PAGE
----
The EPA has specific requirements regarding where in the home radon testing can occur. This is related to things such as proximity to windows, vents and outer walls, as well as near sources of moisture like kitchens, bathrooms and laundry rooms. The PA DEP has set protocols for professional radon testing and remediation professionals in Pennsylvania; some of the Pennsylvania protocols are more stringent than what the U.S. EPA requires. PA DEP requires that radon testing occurs in the lowest possible living level. This normally is the basement unless there is a dirt floor or the ceiling height does not allow for normal living conditions.
What if a radon test indicates a high radon level?
If the radon test result is high (4.0 pCi/L or higher), remediation (also called mitigation) can be successful in lowering the home’s radon level in most circumstances. The most common method of remediation is a sub-slab depressurization system. To put it simply, one or more holes are drilled in the foundation slab (such as the basement floor); a small amount of dirt is excavated under the slab; PVC pipe is installed with a radon fan; and this system vents to the exterior away from doors and windows. Radon fans can only be placed in an attic or exterior of the home. Radon fans cannot be installed in the home’s living space or in the basement. Since inspecting homes I have seen many improper radon system installations. The PA DEP has specific requirements about how and where radon systems can be installed, and they’ve created a standard for this type of system (the “PA Radon Mitigation Standards”). Professional radon remediation systems in Pennsylvania must be installed to these standards. The cost of a professionally installed radon remediation system in our area is normally in the $800-$1,200 range. Remediation system designs and their pricing can vary based upon the home’s layout, the initial radon test result, type of system installed, etc.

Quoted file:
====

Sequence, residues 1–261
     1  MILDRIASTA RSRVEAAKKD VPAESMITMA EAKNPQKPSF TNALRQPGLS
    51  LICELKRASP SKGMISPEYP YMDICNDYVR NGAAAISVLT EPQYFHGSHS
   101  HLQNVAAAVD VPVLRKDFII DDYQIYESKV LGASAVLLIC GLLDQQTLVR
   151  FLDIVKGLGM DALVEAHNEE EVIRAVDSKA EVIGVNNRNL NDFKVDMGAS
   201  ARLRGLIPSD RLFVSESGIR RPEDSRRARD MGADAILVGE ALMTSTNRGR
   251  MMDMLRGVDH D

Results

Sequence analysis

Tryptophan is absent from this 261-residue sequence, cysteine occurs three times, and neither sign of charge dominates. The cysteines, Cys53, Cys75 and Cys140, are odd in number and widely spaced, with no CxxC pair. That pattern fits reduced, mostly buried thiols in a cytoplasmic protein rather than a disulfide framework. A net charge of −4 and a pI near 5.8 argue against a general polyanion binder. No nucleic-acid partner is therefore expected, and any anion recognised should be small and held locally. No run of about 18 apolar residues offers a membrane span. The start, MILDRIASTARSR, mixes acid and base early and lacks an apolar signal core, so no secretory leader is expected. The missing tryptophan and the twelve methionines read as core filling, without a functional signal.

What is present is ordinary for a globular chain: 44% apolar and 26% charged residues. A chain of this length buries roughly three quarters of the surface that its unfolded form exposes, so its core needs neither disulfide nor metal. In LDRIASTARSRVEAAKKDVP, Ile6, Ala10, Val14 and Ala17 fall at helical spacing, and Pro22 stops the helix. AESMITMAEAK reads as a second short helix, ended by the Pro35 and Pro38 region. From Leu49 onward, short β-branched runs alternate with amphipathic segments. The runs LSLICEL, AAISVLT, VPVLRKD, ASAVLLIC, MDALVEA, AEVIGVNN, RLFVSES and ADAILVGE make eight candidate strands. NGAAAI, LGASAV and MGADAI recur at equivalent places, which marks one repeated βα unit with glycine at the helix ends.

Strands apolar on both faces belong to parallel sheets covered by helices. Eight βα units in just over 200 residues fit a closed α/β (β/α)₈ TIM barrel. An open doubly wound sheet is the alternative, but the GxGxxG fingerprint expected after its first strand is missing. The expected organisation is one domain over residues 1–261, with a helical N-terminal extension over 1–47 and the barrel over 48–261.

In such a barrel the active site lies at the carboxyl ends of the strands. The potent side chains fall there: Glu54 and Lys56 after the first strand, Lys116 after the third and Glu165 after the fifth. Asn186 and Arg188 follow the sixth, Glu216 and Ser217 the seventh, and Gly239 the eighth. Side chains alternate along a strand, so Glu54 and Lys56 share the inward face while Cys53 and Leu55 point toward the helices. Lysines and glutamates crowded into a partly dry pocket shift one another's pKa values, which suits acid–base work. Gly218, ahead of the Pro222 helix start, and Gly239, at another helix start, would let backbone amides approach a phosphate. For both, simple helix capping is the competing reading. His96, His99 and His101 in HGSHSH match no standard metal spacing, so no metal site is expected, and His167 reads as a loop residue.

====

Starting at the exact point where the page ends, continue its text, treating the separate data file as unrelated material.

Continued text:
Who performs a radon test and remediation?
The PA DEP requires that all individuals performing professional radon testing or remediation be licensed by the Commonwealth. A homeowner or builder can perform radon testing and remediation in their own homes; however, a PA DEP licensed radon tester should be used for a home transaction to ensure a non-compromised test performed to PA DEP standards. Any changes to an installed radon remediation system should only be performed by a licensed radon remediator as well. Contractors (plumbers, electricians, etc.) who are not PA DEP licensed for radon remediation should never modify remediation piping or radon fans as this is against the law in PA. Minor changes to remediation pipes and fans may cause the system to not work properly or may raise the radon concentration within the home. The PA DEP updates its list of licensed testers and remediators each month. This information can be obtained from the PA DEP website; click here or call the radon hotline at 800-23-RADON.
Matthew Steger, ACI, WIN Home Inspection
Facts, opinions and information expressed in the Closing Comments Blog represent the work of the author and are believed to be accurate, but are not guaranteed. The Lancaster County Association of Realtors® is not liable for any potential errors, omissions or outdated information. If errors are noted within a post, please notify the Association. Posts represent the author’s opinion and are not necessarily the opinion of the Association.